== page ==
The sand and sea-water mix is blasted onto the beach during periods of low tide and attracts a huge amount of interest from a large number of gulls that arrive to take advantage of seafood, freshly delivered from the seabed. As far as I am aware, no mention has been made of any potential damage the dredging may be doing to the flora and fauna of the seabed in the dredging site, but I can’t help wondering.
Following each delivery of sand, which is deposited in one large pile, it is distributed by mechanical diggers and bulldozers. The work often attracts groups of interested onlookers, and no doubt at least some of the big boys watching would love to be having a go.
The operation will take place 24 hours a day, seven days a week and should last for a period of up to four weeks, depending on the weather, which thus far has been pretty wild. Many local people are wondering how long the beach sand will stay put and how much it’s going to cost them…..?
The day I took the first picture I was driving along that road and the waves were hitting the wall with such force the seawater was thrown up and over it and cascading down over the car and across the road, sometimes reaching as far as the embankment on the other side. It certainly makes you realise how puny and temporary we and our defences are. Your comments brought to mind an image of mother nature tolerating our efforts to control her elements, just until we push the boundaries that bit too far and then she’ll show whose really the boss.
When you visit coastal areas and discover the impact nature has had over the centuries, it does rather make me wonder just how lasting anything man-made is likely to be. I’m no engineer, and I’m sure if my home was threatened from the sea I might feel differently, but I can’t help thinking that mother nature will tolerate this type of thing, but if she decides against it, nothing we can build will stand up against her forces.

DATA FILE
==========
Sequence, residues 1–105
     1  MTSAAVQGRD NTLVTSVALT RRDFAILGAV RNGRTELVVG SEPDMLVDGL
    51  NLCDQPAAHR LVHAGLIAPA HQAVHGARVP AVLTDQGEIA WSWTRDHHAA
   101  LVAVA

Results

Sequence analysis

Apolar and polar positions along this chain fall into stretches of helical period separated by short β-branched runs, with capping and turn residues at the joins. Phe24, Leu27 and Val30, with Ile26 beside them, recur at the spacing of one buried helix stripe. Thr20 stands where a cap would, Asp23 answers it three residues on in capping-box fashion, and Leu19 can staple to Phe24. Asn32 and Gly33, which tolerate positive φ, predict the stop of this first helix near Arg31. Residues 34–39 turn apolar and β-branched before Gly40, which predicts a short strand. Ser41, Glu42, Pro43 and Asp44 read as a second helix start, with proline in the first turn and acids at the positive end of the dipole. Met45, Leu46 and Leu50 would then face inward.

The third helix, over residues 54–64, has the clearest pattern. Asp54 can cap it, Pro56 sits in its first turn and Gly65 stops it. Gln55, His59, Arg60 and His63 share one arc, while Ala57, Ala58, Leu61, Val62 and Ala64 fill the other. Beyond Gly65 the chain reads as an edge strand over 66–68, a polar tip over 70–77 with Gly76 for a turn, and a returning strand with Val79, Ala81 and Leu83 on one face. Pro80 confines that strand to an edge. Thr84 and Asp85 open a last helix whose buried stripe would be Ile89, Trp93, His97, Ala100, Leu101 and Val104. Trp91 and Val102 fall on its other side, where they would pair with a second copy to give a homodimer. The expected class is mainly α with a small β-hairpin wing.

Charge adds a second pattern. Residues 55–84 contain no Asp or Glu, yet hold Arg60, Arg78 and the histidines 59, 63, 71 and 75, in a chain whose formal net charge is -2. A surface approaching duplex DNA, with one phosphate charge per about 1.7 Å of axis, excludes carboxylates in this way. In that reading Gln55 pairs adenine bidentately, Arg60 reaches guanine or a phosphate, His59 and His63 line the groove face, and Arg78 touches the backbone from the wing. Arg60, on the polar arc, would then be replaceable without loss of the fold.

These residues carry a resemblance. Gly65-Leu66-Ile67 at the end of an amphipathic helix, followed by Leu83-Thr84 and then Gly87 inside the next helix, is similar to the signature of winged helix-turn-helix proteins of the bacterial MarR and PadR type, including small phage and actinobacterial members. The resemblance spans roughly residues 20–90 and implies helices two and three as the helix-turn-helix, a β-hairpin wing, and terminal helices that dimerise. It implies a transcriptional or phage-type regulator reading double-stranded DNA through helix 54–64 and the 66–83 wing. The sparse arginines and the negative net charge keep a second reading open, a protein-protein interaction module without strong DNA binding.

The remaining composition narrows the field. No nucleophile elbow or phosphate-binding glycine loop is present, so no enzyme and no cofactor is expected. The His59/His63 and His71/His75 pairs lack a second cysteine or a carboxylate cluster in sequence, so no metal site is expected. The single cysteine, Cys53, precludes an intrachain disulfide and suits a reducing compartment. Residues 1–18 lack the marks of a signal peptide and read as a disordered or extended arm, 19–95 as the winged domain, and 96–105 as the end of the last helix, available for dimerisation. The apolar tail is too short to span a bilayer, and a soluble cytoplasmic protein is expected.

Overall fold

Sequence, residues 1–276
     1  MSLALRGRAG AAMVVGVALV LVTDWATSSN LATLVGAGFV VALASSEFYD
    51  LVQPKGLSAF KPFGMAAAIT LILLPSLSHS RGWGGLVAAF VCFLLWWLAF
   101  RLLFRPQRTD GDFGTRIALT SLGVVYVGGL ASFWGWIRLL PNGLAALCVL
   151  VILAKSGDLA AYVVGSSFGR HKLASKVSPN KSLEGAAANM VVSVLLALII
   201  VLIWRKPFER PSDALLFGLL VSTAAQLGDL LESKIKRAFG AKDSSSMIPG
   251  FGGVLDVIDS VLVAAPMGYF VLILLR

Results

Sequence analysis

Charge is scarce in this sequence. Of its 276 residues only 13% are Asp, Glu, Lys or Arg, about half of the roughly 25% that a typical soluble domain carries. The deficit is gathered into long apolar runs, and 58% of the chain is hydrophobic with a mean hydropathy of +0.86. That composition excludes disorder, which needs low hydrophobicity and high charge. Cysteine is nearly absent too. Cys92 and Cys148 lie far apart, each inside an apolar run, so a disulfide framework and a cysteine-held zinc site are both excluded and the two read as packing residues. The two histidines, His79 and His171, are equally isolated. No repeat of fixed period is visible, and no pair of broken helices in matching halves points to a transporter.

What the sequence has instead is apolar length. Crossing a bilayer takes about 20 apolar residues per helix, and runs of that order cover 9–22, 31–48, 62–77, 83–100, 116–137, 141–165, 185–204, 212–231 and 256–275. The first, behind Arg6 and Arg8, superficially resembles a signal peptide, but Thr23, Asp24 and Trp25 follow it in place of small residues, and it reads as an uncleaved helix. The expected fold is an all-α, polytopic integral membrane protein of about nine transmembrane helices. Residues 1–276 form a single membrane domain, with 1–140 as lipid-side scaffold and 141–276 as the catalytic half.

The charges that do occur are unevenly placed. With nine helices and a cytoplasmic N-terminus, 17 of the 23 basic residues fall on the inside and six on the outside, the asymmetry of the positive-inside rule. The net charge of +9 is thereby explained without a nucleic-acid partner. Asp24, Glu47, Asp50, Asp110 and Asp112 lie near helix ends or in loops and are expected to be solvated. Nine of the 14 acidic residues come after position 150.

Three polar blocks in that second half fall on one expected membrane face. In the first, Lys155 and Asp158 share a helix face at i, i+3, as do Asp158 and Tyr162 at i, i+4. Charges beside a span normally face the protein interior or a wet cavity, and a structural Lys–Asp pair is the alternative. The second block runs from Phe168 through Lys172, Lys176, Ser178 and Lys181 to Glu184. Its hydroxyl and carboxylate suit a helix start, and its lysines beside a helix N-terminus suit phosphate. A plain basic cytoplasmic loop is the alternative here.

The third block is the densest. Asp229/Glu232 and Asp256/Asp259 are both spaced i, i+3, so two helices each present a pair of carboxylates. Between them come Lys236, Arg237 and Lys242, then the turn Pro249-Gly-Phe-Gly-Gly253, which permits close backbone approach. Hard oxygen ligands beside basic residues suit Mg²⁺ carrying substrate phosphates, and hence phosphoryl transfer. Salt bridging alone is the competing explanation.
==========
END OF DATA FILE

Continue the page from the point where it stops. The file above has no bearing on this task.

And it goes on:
Actually I prefer shingly beaches! Good blog post, though 🙂
Thank you, I like a nice variety of beaches myself for the different habitats they create. The sandy beach here will be great for the grand-kids when they visit, but I have a feeling the dog-owners that use this one now may not appreciate their pets being banned from it, which is bound to happen.
Emily Heath said:
Interesting. There are so many ways humans come up with to rearrange nature. I always think of Wales as having sandy beaches, so it’s a surprise to me that Colwyn Bay is naturally pebbly.
Thank you, we don’t seem to be able to leave anything alone, even when it’s obviously a huge battle to subdue nature, such as this one. Most of the beaches around Wales are sandy, but around Colwyn Bay there is mostly no margin between the seawall and the sea at high tide, so we only get sand to walk on at low tides. It will be interesting to see how long this new beach lasts.